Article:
I guess we’ll see what happens following the city council meeting on Monday…

Update: It seems that there was indeed an allegation of a rules violation and a formal Transport Canada investigation (during which the crew would have been barred from operating a train thus causing the disruption over the weekend) but the crew was ultimately cleared of doing anything wrong.

New Funding and New Operator for ACR Passenger Service

Well this came right down to the wire. With the ACR regular passenger service slated to be no more as of April 1st without a decision on support from the federal government, it was announced today that the government will renew a subsidy for the passenger service for a further three years.

See the article on Sault Online here:
Passenger Rail Service Funding Extended for Three Years

From the article:

The City of Sault Ste. Marie will receive federal support for three years for the continued operation of the passenger rail service to establish a new regime of passenger rail service in the area. This would allow Railmark, the proposed operator, to demonstrate its ability to deliver on its business plan. A review will be carried out at the three-year mark to determine if additional funding is warranted.

That new operator is Railmark Holdings Inc., in the form of a newly incorporated Canadian subsidiary, Railmark Canada, to operate the train service in Ontario.

Over the last few months articles have appeared in the local media documenting the bidding and evaluation process for finding a new operator for the passenger service (or at least what information could be known outside of the standard business NDAs covering the negotiations). As the months leading up to the deadline became shorter, several companies had submitted bids for evaluation by CN and the local stakeholders group, which then turned into one (as then yet unidentified) finalist selected for final negotiations, and then the announcement that agreements were basically in place between CN and the new mystery operator, with a grand plan to expand the services and make the operation no longer dependent on the federal subsidy in about five years. As the months became weeks, the request for additional interim federal funding was submitted to the government, and it was gradually revealed that Railmark was the final bidder, while as the weeks became days, the parties awaited the recommendation and decision from Transport Canada. And on the last day before the service would have become another page in the history book of Canadian passenger operations, that funding decision came down.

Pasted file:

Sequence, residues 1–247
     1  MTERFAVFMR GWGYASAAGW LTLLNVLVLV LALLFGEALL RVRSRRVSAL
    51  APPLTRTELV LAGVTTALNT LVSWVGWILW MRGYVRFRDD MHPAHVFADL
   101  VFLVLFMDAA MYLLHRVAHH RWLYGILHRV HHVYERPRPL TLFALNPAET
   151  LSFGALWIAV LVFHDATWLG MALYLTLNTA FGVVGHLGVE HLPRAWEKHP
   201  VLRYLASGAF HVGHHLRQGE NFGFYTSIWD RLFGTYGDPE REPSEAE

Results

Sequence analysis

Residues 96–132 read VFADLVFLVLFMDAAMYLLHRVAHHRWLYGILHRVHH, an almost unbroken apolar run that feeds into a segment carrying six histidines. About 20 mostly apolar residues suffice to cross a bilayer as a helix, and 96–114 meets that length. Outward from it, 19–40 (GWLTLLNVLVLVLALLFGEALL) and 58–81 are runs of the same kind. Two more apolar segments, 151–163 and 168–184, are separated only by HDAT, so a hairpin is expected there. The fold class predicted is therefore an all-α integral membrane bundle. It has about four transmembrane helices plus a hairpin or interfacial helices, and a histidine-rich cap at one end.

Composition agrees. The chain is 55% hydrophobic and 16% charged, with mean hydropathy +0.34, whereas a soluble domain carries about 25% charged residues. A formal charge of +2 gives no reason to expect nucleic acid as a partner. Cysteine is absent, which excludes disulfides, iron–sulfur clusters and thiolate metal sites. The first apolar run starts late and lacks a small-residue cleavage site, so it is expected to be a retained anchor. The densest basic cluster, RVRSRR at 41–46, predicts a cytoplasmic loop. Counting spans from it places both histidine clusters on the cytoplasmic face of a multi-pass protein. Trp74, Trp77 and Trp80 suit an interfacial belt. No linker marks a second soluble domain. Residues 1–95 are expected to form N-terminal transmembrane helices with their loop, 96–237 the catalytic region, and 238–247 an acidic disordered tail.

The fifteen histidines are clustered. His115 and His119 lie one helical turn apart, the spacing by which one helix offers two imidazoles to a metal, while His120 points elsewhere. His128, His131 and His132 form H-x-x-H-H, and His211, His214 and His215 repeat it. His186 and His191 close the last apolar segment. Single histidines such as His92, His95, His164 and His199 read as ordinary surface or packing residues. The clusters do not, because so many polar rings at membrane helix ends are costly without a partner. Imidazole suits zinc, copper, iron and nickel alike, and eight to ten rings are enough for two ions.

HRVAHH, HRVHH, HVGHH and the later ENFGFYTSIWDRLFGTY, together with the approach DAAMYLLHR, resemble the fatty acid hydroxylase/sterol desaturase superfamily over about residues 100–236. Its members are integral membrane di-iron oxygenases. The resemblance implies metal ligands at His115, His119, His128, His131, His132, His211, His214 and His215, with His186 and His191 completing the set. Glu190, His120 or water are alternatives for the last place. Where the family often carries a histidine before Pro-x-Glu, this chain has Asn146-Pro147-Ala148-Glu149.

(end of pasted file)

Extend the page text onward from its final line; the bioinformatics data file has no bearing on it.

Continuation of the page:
Railmark seems to have grand plans for the service, including additional options and changes to the service, cross-promotions with other tourism activities in the area, and additional dinner trains and special runs. If this all sounds a little vague, well, I tend to agree. A lot will need to be proven here, and I’m pretty skeptical about a short-distance dinner train in a remote market like the Sault, although special runs to things like folk music festivals in Searchmont seem to have been relatively well patronized locally in the past. The above article also mentions a return of the winter Snow Train through Agawa Canyon, which has not been running the last few years. This could be a good thing, if the demand is there. We will have to see. (Note that Railmark’s bid includes taking over the operation of the Algoma Central Railway passenger services, including the Agawa Canyon Tour Train.)

Railmark has a lot to prove over the next three years. Railmark markets themselves as a railway company with 15 years of experience in the business, although they don’t appear to have any current operations. Two previous dinner train operations are defunct; one was shut down and sold during the major recession several years ago, the other appears to be the focus of a complicated dispute with the city of Columbia, MO and also involving a failed merger with another company, Train Travel Inc. RailMark’s website announces this merger on their news releases, but fails to follow up the fact this this merger was unwound scarcely two months later. Keep digging around these companies and find a dizzying collection of small shell corporations with little or no actual apparent operations or assets.